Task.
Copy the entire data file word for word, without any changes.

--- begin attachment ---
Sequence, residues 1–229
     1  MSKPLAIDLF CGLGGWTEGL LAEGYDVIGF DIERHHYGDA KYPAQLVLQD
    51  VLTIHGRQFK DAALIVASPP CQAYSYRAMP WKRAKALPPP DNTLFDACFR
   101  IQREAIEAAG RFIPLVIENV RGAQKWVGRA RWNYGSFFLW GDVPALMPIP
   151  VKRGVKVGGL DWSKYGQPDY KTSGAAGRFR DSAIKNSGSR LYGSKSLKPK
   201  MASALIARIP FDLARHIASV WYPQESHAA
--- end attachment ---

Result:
Sequence, residues 1–229
     1  MSKPLAIDLF CGLGGWTEGL LAEGYDVIGF DIERHHYGDA KYPAQLVLQD
    51  VLTIHGRQFK DAALIVASPP CQAYSYRAMP WKRAKALPPP DNTLFDACFR
   101  IQREAIEAAG RFIPLVIENV RGAQKWVGRA RWNYGSFFLW GDVPALMPIP
   151  VKRGVKVGGL DWSKYGQPDY KTSGAAGRFR DSAIKNSGSR LYGSKSLKPK
   201  MASALIARIP FDLARHIASV WYPQESHAA